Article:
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The American car market is one of the most coveted in the world—and unsurprisingly, it's also one of the most difficult car markets to break into. As of right now, only a handful of foreign car manufacturers have been able to survive the cutthroat world of American car buyers.
You might recognize many European and Asian car brands on dealership lots. We Americans do love our Toyotas, BMWs, and Volkswagens, right? On US streets, you'll see a wide variety of countries represented, including Germany, Britain, Italy, and Japan.
One country that's conspicuously absent from that list is China. Considering how many Chinese companies make goods Americans love, you have to wonder why we aren't buying Chinese car brands at the dealership.
Truth be told, there's a lot of reasons why you won't see a Chery or a Geely. Here's why we probably won't be seeing any Chinese car brands on American streets anytime soon.
Let's talk about Chinese car brands, and why there's potential there.
Chinese manufacturing has reached a fever pitch, and what Americans might not realize is that this manufacturing trend has also reached into the car world. China's car manufacturing has managed to create a slew of brands that range from the plain commuter car to downright luxurious.
Many of the cars have become known for being techy in appearance, and some have even become known for being hybrid cars—such as the stylish GAC E-Jet. Others, such as Geely's Emgrand X7, have amenities that could give Toyota a run for their run.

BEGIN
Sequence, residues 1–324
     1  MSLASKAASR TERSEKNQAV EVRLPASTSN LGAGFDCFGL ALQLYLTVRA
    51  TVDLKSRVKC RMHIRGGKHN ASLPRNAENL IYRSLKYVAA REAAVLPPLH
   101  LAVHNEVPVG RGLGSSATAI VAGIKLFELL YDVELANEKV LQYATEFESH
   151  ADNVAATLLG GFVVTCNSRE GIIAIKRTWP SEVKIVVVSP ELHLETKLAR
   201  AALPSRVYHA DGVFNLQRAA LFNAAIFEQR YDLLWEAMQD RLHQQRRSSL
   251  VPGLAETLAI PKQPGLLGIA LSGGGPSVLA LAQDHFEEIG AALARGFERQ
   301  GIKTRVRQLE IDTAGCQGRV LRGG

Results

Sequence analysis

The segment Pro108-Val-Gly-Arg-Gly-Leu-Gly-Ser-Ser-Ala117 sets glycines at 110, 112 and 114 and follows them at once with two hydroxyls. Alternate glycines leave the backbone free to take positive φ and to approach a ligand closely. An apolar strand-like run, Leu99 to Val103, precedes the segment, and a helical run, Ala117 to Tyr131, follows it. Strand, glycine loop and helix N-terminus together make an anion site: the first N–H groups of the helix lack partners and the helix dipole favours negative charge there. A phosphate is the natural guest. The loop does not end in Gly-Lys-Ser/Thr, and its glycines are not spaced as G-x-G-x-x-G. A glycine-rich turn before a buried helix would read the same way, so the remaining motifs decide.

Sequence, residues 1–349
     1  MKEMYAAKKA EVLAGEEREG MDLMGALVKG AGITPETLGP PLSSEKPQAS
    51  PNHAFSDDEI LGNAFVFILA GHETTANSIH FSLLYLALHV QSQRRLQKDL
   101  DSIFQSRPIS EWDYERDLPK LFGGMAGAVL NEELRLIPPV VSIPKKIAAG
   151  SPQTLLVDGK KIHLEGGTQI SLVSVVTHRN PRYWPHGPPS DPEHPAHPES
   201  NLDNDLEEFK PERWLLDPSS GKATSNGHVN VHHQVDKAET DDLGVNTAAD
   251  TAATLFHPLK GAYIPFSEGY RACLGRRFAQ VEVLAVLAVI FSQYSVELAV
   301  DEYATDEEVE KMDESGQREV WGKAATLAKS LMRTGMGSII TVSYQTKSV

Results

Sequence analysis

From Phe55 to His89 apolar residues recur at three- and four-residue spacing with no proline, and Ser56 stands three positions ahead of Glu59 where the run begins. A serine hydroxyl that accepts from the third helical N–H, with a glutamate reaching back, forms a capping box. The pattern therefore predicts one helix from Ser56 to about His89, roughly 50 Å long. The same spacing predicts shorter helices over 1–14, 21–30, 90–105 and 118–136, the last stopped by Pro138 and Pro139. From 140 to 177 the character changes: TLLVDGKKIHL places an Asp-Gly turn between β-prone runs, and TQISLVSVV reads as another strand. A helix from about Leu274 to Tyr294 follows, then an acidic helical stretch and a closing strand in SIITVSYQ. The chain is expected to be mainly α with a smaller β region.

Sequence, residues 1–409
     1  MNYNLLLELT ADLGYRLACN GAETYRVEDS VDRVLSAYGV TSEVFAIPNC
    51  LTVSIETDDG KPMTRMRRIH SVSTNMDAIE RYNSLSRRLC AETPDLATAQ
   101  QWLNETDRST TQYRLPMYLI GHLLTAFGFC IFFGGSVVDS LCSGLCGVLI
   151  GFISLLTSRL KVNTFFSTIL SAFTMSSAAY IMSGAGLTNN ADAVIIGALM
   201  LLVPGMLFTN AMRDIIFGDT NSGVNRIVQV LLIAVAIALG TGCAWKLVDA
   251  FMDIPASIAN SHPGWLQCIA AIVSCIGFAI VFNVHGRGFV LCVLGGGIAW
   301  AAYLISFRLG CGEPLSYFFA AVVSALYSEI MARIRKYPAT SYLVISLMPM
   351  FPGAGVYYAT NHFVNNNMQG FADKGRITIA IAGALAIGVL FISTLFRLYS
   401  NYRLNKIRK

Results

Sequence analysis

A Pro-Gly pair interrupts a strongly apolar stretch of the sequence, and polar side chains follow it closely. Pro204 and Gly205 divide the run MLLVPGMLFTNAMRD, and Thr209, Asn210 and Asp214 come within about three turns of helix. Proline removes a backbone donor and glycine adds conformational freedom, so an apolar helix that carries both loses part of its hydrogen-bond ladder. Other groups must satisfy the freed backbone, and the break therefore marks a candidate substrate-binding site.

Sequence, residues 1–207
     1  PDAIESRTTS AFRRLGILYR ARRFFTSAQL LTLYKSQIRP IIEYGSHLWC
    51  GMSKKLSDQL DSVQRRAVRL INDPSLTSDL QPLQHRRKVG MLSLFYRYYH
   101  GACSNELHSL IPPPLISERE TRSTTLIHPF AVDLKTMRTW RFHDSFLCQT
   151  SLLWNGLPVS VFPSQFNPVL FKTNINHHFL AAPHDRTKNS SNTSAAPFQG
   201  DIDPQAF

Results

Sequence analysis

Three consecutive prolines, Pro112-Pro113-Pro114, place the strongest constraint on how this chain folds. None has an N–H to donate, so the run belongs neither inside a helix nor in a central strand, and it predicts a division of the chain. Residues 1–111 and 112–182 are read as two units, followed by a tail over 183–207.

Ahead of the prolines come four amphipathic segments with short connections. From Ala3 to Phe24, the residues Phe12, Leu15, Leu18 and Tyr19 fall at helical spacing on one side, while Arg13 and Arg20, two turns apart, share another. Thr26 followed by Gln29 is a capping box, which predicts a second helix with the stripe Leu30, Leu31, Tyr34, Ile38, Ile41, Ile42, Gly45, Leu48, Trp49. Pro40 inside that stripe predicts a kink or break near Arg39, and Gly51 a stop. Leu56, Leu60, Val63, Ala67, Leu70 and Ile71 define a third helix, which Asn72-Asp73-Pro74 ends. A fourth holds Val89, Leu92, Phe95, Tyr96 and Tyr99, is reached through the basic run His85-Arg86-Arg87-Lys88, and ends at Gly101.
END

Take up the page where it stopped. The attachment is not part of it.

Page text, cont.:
Most of the cars are designed to be compact enough for city living and to be fuel-efficient. Saying that these cars don't have a potential audience in the states just doesn't make sense.
China has had its eye on American dealerships for a while.
If you're wondering if China is just disinterested in having American buyers, think again. This country has been very interested in breaking into American markets for well over a decade.
Despite interests being there, it's been taking China a while to actually make a move. Only recently has China made its presence known to American markets through Chinese car brands getting debuts at American car shows.
A lot of the reason why we're not driving vehicles from Chinese car brands deals with American stigma.
When it comes to buying a car, Americans are choosy. In fact, not only are they choosy, they are downright obsessive with finding the most reliable car brands out there and buying the best possible cars for their money.
The problem is that Chinese manufacturing has a serious stigma in the United States. Due to the fact that Chinese manufacturers are seen as lower quality or unreliable, many Americans are leery of car companies from China without ever actually trying them out.
That reputation may have been somewhat deserved.
J.D Power's Asian publications noted that Chinese car companies generally underperformed in terms of quality, reliability, and safety. This has been true when it came to both Chinese national buyers and foreign buyers who had bought them as well.
Chinese cars have more problems arise within the first two to six months of a car's lifespan than other foreign makes. So, maybe their reputation for poor workmanship is deserved.
However, that's not the only reason why Chinese brands aren't seen stateside. The quality issue goes far deeper than you'd think.